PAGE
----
P2F.1 A theory on the expansion of Hurricane Katrina's wind field

Thursday, 1 May 2008
Palms ABCD (Wyndham Orlando Resort)
Pat J. Fitzpatrick, Mississippi State Univ., Stennis Space Center, MS; and C. M. Hill, Y. Lau, Y. Li, and J. Corbin

Hurricane Katrina embarked upon two periods of rapid intensification (defined as a 30 kt or greater intensity increase in a 24-h period) between 26 and 28 August as it moved over the warm Gulf loop current. The first period involved an increase in the maximum sustained winds from 65 kt to 95 kt in a 24-h period ending 0600 UTC 27 August. An eye became clearly evident in infrared satellite imagery early on 27 August, and Katrina became a Category 3 hurricane with 100 kt winds at 1200 UTC about 365 n mi southeast of the mouth of the Mississippi River. During the remainder of the day, the inner eyewall deteriorated while a new, outer eyewall formed, and the intensity leveled off at 100 kt. Accompanying the intensification and the subsequent deterioration of the inner eyewall was a significant expansion of the wind field on 27 August. Katrina nearly doubled in size on 27 August, and by the end of that day tropical storm-force winds extended up to about 140 n mi from the center. A cursory examination of satellite imagery shows the possible influence of a trough or confluence zone to the north that may have contributed angular momentum to the intensifying cyclone.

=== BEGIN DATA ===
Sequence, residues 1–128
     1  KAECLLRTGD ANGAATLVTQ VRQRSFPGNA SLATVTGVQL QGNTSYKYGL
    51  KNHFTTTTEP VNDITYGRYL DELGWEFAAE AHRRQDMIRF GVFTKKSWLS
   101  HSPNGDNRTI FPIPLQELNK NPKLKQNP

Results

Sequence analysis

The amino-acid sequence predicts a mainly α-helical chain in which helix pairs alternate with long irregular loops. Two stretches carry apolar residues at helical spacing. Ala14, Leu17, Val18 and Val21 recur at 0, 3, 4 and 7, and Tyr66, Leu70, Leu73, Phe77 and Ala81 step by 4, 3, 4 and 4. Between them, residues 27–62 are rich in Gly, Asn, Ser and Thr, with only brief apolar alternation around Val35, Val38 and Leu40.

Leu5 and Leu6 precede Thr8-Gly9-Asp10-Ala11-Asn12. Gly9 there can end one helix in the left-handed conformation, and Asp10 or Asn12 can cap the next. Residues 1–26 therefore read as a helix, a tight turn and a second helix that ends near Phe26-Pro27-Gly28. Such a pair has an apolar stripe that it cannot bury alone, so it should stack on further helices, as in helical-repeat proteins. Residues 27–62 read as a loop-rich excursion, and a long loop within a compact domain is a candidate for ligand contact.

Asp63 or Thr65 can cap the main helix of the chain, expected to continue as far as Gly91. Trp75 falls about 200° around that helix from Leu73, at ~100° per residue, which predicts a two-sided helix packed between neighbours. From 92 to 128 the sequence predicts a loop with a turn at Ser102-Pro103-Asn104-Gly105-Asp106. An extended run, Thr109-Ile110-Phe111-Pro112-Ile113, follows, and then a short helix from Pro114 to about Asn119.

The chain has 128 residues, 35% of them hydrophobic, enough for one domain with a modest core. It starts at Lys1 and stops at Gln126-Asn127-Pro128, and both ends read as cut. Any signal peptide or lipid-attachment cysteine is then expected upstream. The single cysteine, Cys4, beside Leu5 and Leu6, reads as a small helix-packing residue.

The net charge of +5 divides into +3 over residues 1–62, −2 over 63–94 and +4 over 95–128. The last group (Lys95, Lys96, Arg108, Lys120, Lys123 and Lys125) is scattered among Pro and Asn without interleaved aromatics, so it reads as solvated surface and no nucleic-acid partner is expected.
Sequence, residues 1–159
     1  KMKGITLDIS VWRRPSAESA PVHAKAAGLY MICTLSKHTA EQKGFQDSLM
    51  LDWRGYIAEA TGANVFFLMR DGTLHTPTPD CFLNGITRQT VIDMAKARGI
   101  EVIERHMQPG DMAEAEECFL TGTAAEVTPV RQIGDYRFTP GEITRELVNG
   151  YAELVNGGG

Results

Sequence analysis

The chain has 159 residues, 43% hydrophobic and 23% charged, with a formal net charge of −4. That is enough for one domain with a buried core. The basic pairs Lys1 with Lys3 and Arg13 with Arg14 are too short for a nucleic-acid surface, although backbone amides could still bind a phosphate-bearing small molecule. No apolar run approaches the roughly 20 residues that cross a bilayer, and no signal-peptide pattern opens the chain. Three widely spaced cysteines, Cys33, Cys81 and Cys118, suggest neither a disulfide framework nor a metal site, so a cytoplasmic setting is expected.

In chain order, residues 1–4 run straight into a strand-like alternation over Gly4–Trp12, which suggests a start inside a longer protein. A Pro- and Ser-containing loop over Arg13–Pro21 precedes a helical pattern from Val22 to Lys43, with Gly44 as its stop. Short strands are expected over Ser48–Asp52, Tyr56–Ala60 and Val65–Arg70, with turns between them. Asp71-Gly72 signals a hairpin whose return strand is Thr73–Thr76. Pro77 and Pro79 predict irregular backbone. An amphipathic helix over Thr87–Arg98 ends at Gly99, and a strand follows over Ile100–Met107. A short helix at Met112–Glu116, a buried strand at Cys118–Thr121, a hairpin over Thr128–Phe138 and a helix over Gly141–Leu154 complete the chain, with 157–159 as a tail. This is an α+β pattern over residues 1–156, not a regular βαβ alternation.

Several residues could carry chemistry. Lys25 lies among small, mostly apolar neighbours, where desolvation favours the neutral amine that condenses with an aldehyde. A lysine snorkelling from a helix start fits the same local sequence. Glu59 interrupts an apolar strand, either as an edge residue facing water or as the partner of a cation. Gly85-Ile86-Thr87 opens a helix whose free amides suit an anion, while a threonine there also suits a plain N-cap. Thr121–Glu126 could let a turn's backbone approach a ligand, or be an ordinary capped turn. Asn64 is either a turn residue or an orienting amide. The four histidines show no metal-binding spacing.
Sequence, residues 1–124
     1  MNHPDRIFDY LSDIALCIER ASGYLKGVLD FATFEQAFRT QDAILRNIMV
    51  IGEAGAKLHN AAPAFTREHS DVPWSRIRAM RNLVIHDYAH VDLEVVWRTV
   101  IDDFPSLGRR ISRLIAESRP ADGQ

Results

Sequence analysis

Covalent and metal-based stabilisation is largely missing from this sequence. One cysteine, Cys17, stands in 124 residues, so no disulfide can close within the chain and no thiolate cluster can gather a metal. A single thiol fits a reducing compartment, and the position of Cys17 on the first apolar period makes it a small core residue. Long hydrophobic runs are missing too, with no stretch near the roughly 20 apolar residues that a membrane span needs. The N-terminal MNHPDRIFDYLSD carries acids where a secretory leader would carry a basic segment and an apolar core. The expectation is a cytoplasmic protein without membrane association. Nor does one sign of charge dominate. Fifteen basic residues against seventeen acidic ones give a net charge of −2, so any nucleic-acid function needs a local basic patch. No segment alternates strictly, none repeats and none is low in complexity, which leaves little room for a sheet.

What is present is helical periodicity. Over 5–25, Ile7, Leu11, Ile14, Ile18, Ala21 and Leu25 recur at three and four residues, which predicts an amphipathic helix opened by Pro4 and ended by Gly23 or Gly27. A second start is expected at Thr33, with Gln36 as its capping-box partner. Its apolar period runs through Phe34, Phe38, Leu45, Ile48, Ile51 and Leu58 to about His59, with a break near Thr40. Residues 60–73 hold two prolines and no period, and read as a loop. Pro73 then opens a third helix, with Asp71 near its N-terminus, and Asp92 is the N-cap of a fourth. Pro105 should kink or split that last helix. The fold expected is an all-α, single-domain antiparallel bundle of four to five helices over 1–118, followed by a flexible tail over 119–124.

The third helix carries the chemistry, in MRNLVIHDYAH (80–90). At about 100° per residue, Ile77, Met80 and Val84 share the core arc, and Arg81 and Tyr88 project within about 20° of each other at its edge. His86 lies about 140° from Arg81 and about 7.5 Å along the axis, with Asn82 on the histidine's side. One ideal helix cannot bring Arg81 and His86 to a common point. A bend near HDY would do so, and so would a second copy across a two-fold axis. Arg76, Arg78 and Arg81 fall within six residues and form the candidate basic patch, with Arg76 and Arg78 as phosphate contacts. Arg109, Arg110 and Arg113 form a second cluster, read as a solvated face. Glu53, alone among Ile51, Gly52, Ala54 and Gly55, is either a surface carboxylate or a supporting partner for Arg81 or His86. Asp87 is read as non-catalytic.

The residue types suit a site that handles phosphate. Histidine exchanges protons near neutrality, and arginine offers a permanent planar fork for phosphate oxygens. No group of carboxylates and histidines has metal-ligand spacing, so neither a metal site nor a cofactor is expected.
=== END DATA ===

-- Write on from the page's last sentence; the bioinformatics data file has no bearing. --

Although the rapid intensification of Katrina was noteworthy, the expansion of the tropical storm-force winds is the key forecast issue. The devastation wrought by this storm upon landfall is attributable more to its size rather than its intensity, as it landed as a Category 3 hurricane. This large hurricane caused a record storm surge and exposed the coastal regions of Louisiana and Mississippi to hurricane-force winds for an extensive period of time.

Observations, as well as a WRF simulation, suggest that an influx of vorticity associated with a remnant front near north Florida contributed to the wind field expansion. Relative angular momentum (RAM) calculations were also conducted to examine if any RAM fluxes contributed to this expansion, and the results were negative. It appears the wind field expansion was due to mutually induced straining between the hurricane and the remnant front, which ultimately causes an attraction of PV.

Other tropical cyclones with different size expansions are also being investigated and will be summarized. The possibility of using either a vortex merger index or a critical capture radius in an operational setting will be discussed.

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